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Leung K.


Molecular Imaging and Contrast Agent Database (MICAD) [Internet]. Bethesda (MD): National Center for Biotechnology Information (US); 2004-2013.
2010 Oct 06 [updated 2010 Dec 11].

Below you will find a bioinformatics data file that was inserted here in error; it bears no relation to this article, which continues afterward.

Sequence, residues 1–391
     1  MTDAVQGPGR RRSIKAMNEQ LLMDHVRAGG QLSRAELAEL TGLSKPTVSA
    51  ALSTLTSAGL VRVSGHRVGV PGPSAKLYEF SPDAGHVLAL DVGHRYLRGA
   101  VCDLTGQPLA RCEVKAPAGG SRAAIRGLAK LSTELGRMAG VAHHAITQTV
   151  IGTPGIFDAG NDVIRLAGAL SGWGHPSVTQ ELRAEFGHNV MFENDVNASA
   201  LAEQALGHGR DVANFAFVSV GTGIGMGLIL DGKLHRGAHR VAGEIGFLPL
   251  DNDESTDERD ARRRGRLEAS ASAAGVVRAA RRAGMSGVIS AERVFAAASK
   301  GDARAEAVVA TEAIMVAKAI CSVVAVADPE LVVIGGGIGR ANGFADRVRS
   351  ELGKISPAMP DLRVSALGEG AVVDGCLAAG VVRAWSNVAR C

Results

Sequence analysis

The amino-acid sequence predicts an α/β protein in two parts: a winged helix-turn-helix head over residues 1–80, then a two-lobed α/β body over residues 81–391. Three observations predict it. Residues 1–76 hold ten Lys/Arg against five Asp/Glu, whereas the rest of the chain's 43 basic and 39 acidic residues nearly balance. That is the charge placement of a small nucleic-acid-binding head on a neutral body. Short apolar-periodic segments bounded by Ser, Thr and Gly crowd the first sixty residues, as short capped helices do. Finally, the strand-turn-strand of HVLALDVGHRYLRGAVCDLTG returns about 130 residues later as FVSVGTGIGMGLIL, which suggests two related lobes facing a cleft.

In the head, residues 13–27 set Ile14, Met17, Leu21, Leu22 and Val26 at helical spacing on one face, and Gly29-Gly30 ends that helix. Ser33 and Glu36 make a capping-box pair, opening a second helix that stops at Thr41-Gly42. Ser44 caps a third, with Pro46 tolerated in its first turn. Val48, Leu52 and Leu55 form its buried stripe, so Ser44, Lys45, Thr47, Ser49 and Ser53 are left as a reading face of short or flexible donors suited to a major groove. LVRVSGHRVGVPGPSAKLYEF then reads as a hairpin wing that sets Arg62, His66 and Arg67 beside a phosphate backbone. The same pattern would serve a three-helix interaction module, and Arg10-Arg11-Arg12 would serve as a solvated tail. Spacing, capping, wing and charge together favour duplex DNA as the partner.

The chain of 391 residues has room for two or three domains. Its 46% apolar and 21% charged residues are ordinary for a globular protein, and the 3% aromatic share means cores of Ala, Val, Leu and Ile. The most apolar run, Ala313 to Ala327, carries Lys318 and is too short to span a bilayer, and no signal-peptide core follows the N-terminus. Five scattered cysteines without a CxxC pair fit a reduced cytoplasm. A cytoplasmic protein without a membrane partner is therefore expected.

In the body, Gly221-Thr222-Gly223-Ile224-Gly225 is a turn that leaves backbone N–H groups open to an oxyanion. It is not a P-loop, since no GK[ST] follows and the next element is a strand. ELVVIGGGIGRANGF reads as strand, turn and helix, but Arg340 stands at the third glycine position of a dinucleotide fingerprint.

Estrogens and progesterones are endogenous hormones that produce many physiological effects (1). Estrogens act primarily by regulating gene expression. Estrogen receptors (ERs) are found in the cytoplasm and nucleus of cells in the female reproductive tract, breast, pituitary, hypothalamus, bone, liver, and other tissues, as well as in various tissues in men. Estrogens are lipophilic in that they enter the cell passively by diffusion through the cellular membrane. They bind to ERs in the cytoplasm and are transported to the nucleus. Breast cancer is the most common malignancy in women. Approximately 33% of women who have this disease will die of disseminated breast cancer. The growth of breast epithelial cells is dependent on estrogen stimulation to induce progesterone receptor (PR) expression. Two-thirds of breast carcinomas express ERs. It has also been established that the ER status of the tumor is an important prognostic indicator in breast cancer (2). Women with ER-positive breast tumors have a better prognosis than women with ER-negative tumors in terms of responsiveness to anti-estrogen treatment. ER content in breast cancer was assessed in vitro with receptor binding assays, which suffer from inter-assay variability and are also limited by intrinsic receptor heterogeneity of the primary and metastatic tumors. 16α-[18F]Fluoro-17β-estradiol ([18F]FES) has been proven to be a valuable tracer for studies of the ER status of primary and metastatic breast cancer (3). However, [18F]FES is cleared from the blood and metabolized in 20 min with only 20% of [18F]FES intact in a study with 15 breast cancer patients (4). A newly developed nonsteroidal progestin analog, Tanaproget, exhibits a potent agonist activity for PR with a high binding affinity (Kd = 0.2 nM) (5). Lee et al. (6) reported the synthesis of [18F]fluoropropyl-Tanaproget ([18F]FPTP) and its tissue distribution in immature, estrogen-primed, female rats with a high uterus/blood ratio.

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